Transcript for GM Under Fire: Was Cost Valued Over Safety?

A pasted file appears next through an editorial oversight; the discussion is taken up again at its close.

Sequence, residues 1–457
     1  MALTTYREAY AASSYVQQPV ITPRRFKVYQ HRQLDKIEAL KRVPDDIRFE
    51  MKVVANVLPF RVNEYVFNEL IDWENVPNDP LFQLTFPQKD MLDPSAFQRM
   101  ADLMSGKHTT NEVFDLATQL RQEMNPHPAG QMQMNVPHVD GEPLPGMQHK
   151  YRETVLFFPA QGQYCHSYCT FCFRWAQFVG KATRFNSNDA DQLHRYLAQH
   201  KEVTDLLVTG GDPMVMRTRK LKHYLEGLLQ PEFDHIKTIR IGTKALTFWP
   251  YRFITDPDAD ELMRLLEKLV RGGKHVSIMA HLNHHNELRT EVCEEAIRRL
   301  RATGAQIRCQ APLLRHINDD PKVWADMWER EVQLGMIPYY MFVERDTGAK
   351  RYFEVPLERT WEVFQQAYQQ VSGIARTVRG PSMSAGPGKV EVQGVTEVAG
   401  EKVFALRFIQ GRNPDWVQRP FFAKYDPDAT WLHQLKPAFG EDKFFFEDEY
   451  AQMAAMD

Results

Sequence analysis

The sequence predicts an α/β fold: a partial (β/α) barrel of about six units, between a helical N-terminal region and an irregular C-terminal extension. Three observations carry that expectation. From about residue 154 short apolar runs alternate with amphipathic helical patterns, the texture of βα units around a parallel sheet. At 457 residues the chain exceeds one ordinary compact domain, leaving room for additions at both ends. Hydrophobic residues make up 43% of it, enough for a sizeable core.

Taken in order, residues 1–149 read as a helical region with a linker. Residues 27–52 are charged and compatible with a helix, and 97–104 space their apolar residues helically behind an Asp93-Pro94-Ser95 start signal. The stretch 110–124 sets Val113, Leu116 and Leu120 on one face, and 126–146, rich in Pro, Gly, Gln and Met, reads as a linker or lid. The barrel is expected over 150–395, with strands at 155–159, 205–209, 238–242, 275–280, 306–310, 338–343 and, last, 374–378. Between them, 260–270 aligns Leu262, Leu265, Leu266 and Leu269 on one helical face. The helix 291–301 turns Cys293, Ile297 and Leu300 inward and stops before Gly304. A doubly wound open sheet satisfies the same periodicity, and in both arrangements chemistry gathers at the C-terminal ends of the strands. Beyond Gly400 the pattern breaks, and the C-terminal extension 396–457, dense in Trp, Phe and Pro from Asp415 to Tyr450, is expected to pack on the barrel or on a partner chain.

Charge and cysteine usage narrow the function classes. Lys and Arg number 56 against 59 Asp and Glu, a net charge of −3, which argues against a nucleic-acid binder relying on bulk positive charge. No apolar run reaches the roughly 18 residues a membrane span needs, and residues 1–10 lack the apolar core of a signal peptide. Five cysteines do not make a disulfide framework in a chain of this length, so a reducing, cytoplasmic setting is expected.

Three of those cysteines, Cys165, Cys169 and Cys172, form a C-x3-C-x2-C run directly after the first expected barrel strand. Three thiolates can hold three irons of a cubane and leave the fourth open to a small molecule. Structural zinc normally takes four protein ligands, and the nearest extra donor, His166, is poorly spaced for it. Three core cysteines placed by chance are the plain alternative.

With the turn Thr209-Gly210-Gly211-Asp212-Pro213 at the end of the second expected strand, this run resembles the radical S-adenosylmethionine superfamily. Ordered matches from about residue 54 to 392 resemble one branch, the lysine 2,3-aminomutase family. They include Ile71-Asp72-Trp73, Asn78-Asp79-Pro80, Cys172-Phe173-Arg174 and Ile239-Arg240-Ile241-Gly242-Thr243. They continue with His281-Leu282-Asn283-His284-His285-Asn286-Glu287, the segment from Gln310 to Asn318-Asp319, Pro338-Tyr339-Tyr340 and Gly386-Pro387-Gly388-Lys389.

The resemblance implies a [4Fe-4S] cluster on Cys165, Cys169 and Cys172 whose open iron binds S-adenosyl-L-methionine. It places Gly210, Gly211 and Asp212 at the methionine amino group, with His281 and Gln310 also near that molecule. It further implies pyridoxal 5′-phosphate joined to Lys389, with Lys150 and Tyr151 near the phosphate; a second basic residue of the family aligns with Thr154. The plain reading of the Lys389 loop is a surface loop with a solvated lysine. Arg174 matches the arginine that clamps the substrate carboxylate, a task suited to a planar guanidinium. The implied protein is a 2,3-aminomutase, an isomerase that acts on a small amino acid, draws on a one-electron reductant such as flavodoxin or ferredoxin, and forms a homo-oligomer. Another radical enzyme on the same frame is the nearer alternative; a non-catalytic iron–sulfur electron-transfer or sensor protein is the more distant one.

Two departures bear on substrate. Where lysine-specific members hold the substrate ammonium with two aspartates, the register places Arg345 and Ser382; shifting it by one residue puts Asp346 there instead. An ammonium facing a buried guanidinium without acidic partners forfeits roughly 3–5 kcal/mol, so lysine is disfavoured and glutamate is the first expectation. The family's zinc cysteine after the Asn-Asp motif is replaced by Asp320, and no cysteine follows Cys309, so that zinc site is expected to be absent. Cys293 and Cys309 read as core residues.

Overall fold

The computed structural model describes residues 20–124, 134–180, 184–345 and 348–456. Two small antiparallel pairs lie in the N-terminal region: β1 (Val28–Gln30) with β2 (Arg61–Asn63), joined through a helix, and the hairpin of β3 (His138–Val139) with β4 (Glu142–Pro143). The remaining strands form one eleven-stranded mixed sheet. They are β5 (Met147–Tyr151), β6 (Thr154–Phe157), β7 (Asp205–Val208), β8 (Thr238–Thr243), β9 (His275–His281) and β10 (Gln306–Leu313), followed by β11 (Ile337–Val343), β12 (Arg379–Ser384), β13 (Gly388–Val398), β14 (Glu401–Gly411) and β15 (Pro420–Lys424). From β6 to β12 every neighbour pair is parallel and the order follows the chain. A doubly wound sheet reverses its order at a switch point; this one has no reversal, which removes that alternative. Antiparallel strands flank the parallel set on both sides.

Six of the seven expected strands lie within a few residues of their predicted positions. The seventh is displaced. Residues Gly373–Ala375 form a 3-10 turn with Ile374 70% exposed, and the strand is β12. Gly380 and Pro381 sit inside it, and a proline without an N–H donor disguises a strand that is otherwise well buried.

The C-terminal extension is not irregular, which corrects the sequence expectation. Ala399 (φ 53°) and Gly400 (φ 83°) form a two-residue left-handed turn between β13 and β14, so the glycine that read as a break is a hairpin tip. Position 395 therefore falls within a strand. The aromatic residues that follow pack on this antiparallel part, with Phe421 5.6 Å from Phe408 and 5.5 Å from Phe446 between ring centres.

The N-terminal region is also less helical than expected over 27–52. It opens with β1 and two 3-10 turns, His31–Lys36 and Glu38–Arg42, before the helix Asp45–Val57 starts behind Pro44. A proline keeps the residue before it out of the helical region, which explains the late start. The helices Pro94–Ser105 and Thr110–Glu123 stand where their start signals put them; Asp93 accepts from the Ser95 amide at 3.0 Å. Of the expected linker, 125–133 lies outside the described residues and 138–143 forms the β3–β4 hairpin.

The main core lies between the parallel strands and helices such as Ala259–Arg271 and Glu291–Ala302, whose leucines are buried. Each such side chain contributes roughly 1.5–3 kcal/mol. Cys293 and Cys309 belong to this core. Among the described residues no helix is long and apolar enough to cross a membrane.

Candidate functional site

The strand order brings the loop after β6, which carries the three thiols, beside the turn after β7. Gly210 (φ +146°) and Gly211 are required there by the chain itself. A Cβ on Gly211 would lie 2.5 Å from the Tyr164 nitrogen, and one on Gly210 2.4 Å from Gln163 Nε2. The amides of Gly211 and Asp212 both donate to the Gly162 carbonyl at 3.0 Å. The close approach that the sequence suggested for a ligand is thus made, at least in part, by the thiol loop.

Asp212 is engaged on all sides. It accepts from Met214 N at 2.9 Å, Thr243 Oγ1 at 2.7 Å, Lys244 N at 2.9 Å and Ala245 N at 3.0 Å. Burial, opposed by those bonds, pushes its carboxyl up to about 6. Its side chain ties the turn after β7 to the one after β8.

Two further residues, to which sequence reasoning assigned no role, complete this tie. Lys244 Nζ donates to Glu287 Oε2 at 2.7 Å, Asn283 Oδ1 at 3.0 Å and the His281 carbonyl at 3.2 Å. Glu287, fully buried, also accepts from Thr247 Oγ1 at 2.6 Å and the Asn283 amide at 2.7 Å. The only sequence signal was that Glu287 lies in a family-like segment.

Washington where the new CEO of general motors is facing more tough questions this morning on capitol hill. ABC's Rebecca Jarvis is live in Washington with the latest. Good morning, Rebecca. Reporter: Robin, good morning. We're expecting an emotional day of testimony ahead with gm's CEO Mary barra back in the hot seat with tough new questions including whether senior management had no idea about those ignition problems for over a decade, who did? They've come to the capitol in search of answers. The voice of our daughters who can't speak for themselves today. Reporter: Jane rimer remembering her 18-year-old daughter Natasha killed with Amy Lynn Rademaker when this failed in 2006. Do you swear that the testimony you're about to give is the truth, the whole truth and nothing but the truth? I do. Reporter: Mary barra, the N newly appointed CEO and gm veteran back in the hot seat today for round two of grilling by congressional leaders about why gm decided to the to fix the ignition problem linked to at least 13 deaths for over a decade. It's not acceptable to have a cost put on a safety issue. You're telling us that general motors has changed its position how it handles costs and safety issues? I think we in the past had more of a cost culture and we are going to a customer culture that focuses on safety and quality. Reporter: Gm has now recalled 2.6 million cars with those faulty ignitions. You've been with the company for over 30 years yet you claimed never once did this cross your desk in the last decade. What do you say to the families and how do you explain to them. I was never a part of that process on this issue. Reporter: But this morning, the families who lost their loved ones are looking for more hoping today's testimony answers their questions. There's no amount of money that can replace my daughter. But I do want justice to come out of this. Reporter: One thing this he'll be listening to carefully today are questions about a victims' fund. Yesterday Mary barra said in 30 to 60 days gm will make a decision about how to take care of the victims of those family members.
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